This month, a series of posts featuring excerpts from “Conversations With Wilder” along with my reflections and takeaways from the words of this great filmmaker.

I trust this will be a good learning experience for each of us and while we’re at it, why don’t we watch some Wilder movies to remind ourselves what a master storyteller he was.

Today’s excerpt comes from P. 165-166 in which Wilder talks about the movie One, Two, Three:

CC: One, Two, Three is unique among your comedies in that the flow of jokes is absolutely nonstop.

BW: Yeah. We knew that we were going to have a comedy, we [were] not going to be waiting for the laughs. But we had to go with [James] Cagney, because Cagney was the picture. He really had the rhythm, and that was very good. It was not funny. But just the speed was funny. The speed was very good, how Cagney figured it out. The general idea was, let’s make the fastest picture in the world, and give the actors, in order to make it seem fast, some slower scenes too. But that went very, very well. I think it’s a kind of sporadically good picture. But overall, it’s a plus. In Germany especially, after the Wall came down, it was a sensation, you know. Years and years later. They released it again.

CC: There’s visionary stuff there. Coca-Cola helps bring down the Wall. It’s all come to pass, exactly as you predicted in the film. I also wanted to ask you about the sheer volume of jokes about Europe, or Europeans, and life behind the Curtain. I have an idea of you and Cagney on the stage, working at breakneck speed, careening through all those jokes: “Let’s go, let’s go!”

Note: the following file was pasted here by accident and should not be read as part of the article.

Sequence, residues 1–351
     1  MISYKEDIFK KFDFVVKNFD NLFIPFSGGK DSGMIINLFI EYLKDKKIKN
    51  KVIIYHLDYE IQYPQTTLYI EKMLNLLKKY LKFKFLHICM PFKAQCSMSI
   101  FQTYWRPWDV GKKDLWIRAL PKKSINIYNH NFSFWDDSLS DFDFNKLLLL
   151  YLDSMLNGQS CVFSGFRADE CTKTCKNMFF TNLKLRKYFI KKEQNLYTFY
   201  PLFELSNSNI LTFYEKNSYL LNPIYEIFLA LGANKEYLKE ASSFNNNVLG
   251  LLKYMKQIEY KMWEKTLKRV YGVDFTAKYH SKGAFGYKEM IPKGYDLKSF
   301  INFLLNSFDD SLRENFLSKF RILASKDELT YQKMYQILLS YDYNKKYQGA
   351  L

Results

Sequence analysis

BW: Yeah, we were very, very fast with that script. And yeah, we did not wait, for once, for the big laughs. We went through the big laughs. A lot of lines that needed a springboard, and we just went right through the springboard. We just did it-brrrrrp. We just did it, nine pages at a time, and he [Cagney] never fumbled, he never made a mistake.

CC: So Cagney determined the rhythm of the picture.

BW: He is an actor that was born to play that part… That was a good picture. Good. That was a 7 plus, out of 10. Or 8 minus.

If you have never seen One, Two, Three, here are some excerpts to give you a sense of its frenetic pace:

What intrigues me about Wilder’s comments was the intentionality behind the speed of the plot and humor. Which reminded me of an interview with Aaron Sorkin I featured here on the blog back in 2010. In it, Sorkin recounts this interesting anecdote about The Social Network:

And that initial draft was 161 pages?

One hundred and sixty-two pages. So it was the shooting script. No pages were cut. The first thing [director] David Fincher did when he came to the studio was say, “This script isn’t long.” The first time I worked with David, he came to my house with a stopwatch and said, “I want you to read out loud every scene at the pace you heard it when you were writing it.” And he would time each scene. He’d say, “Okay, the first scene with Mark and Erica, five minutes, seven seconds.” And when we got into rehearsal, when Jesse and Rooney [Mara, who plays the object of Zuckerberg’s affections] were running through that scene, if it wasn’t 5:07, if it was 5:43, he’d say, “No, this scene plays at 5:07.” That’s how a 162-page screenplay is an hour and 57 minute movie.

For the record, that opening scene Sorkin references here is 8 1/4 pages long in the script. And for the record, here is the scene which does, in fact, play out at 5:09 long.

So clearly both Sorkin and Fincher were intentional about the pace of the story including the dialogue. Wilder did the same thing with the comedy One, Two, Three which also features a lot of dialogue.

What’s the takeaway? Well, one thing you should not come away from this is you can write a 162 page script and say, “Hey, it plays fast… just like Sorkin,” and expect anyone to buy that. Sorkin can get away with it because he’s… well… Aaron Sorkin.

What you can take away from this discussion is the idea of rhythm. When you’re writing your script, what pace do you feel it playing at in your imagination? This question pertains to each scene, to character’s and their personalities, movements, speaking styles, and so on.